Finally, in the aerobic stage — during which oxygen is added to the tank, microorganisms that love oxygen take over. They further break down any remaining organic matter into carbon dioxide and water, ensuring no pollutants are in the water as it moves on to the next stage of the process, leaving our tiny titans behind. 

The tiny organisms’ work takes about six days to complete. 

Once their work is done, the water is filtered, treated with protective chemicals and tested to ensure it complies with state standards for recycled water. 

Rachel Himyak shows off the product of the tiny titan’s work: Clear water suitable for use in toilets and landscape irrigation. Photo credit: Denver Water.

Once it passes the test, the clean non-drinking water resulting from our hero’s efforts can be put to use for irrigation and filling toilet bowls in the Administration Building.

It’s amazing to think that microorganisms can turn the system influent on the left into the clear, nonpotable (not drinkable) recycled water on the right. Photo credit: Denver Water.

Though the workers are microscopic, the impact of the work they do is not small at all. 

Their diligent efforts help exemplify Denver Water's commitment to the One Water concept

Chance Coe uses a different kind of “zoom” for his team meetings. Here, he checks up on his team via a microscope hooked to his computer! Photo credit: Denver Water.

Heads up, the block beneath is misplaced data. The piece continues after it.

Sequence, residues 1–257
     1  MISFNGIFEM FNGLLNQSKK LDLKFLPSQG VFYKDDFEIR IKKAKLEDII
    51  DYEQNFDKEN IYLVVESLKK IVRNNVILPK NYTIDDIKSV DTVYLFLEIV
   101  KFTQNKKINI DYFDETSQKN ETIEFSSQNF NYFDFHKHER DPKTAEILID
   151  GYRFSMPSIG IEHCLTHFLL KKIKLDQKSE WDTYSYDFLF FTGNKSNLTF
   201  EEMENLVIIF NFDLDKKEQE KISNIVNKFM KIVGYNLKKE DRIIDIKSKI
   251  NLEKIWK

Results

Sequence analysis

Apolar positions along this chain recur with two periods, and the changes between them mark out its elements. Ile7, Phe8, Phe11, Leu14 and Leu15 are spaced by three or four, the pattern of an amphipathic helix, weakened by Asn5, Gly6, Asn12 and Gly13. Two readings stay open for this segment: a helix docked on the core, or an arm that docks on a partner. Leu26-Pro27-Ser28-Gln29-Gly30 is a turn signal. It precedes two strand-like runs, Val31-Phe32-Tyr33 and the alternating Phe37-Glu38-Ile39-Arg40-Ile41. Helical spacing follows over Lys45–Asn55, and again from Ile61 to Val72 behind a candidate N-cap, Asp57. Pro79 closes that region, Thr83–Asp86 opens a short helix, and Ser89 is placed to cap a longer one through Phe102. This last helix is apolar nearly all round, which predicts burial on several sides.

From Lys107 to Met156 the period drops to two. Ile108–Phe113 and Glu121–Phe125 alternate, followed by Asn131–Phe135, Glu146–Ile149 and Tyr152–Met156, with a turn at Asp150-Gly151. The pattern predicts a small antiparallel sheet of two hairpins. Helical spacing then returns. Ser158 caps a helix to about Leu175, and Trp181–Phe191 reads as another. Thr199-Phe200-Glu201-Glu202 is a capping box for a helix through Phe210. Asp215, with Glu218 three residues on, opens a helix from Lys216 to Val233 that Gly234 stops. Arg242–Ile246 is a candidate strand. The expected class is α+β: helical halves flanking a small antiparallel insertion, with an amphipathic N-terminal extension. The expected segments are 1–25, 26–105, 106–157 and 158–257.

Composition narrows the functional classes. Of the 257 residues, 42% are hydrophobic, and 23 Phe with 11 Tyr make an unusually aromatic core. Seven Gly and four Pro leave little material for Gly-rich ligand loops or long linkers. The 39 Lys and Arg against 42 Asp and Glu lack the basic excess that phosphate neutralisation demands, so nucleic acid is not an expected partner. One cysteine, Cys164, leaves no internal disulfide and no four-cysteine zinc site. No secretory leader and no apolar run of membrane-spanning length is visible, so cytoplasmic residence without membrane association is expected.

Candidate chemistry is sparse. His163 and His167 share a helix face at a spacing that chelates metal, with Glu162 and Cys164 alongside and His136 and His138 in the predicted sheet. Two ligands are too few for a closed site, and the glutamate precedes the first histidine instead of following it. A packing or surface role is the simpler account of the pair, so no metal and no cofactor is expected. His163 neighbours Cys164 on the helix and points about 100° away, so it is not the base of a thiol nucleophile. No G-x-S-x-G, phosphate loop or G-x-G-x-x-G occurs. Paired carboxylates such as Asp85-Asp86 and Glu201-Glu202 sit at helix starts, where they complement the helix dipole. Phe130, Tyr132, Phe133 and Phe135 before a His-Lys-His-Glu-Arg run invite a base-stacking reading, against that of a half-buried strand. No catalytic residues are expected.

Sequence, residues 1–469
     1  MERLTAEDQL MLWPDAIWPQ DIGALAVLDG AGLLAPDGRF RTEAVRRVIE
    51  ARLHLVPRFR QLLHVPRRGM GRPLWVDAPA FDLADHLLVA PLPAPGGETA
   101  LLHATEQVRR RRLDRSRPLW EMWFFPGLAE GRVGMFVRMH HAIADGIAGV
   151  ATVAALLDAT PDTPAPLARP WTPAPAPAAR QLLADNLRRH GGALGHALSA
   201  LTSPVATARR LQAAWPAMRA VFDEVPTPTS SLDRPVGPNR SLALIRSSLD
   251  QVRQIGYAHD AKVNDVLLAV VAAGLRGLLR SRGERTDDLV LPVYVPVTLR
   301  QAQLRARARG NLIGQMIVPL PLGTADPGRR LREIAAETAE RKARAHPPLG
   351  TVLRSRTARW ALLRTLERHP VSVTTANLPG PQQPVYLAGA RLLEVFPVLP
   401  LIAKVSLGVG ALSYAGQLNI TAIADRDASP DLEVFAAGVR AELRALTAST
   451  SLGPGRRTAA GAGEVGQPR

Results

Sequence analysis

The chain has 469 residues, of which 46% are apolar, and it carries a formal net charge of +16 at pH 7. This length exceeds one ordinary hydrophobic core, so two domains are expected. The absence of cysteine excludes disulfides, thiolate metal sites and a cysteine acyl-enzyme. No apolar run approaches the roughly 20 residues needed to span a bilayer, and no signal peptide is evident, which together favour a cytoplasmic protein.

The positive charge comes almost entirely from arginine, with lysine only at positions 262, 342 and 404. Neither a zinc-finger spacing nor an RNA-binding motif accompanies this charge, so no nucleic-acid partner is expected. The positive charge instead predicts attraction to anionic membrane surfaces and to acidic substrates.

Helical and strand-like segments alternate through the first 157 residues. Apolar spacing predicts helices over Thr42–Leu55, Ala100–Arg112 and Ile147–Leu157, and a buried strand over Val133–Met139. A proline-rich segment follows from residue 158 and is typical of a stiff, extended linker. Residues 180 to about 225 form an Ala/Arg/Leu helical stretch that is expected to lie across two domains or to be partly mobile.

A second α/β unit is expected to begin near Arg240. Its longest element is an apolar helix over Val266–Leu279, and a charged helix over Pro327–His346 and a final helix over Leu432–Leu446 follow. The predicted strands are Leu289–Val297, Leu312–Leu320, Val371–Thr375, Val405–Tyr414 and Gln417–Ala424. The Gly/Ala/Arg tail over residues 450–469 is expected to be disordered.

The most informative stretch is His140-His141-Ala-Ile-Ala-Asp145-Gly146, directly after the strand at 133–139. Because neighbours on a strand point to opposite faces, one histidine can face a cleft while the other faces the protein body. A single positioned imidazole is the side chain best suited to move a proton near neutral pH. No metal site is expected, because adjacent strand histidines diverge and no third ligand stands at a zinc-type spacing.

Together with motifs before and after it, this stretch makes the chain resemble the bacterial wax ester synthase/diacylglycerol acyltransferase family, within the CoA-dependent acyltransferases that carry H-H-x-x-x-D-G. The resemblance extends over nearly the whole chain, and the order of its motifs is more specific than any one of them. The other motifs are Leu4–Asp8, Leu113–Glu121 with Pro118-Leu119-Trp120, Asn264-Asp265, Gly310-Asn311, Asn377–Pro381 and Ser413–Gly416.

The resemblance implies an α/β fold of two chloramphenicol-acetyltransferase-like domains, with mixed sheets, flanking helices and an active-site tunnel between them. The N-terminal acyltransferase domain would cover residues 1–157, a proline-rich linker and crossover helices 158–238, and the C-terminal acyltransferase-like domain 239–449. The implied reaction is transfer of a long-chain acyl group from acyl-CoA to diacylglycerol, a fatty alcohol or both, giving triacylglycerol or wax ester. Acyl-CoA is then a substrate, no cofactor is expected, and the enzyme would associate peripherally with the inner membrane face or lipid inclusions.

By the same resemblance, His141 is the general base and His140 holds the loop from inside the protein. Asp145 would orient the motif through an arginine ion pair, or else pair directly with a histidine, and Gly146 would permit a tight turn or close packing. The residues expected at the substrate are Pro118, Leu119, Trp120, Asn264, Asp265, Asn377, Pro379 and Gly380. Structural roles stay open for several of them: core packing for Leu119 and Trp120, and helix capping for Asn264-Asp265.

Quite simply, One Water means using the right water for the right use. 

Denver Water mainly provides clean, safe potable water — which is water treated to drinking water standards — for the homes and businesses of 1.5 million customers throughout the metro area. The drinking water is treated at one of the utility’s water treatment plants to comply with state and federal drinking water regulations. 

But the Denver Water Administration Building doesn’t need drinking-quality water in its toilet bowls or irrigation system, which provides an excellent opportunity to put reclaimed water back to work and save the clean, safe potable water for other uses. 

“The RUFUS system uses the same concept you see our at our recycled water facility, but on a smaller scale,” explains Coe. 

“Just like many of Denver Water’s large, recycled water users, like parks, golf courses and industrial facilities with cooling towers, who use recycled water for their operations, our microorganism buddies help us put the right water to the right use at our Operations Complex,” he said.

Rachel Himyak excitedly prepares to observe her “tiny titan” colleagues in their natural habitat. Photo credit: Denver Water.

“Every part of our work at Denver Water is aimed at our commitment to sustaining vibrant communities for years to come” Himyak said. “I love that my work helps our little microorganism buddies be a part of that.”